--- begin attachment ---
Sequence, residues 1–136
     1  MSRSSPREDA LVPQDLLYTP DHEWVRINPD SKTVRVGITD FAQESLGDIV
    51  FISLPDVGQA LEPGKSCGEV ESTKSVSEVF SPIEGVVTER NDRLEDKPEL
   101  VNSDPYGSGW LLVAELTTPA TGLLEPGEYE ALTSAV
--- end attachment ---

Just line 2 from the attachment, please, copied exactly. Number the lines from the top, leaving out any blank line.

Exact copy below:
     1  MSRSSPREDA LVPQDLLYTP DHEWVRINPD SKTVRVGITD FAQESLGDIV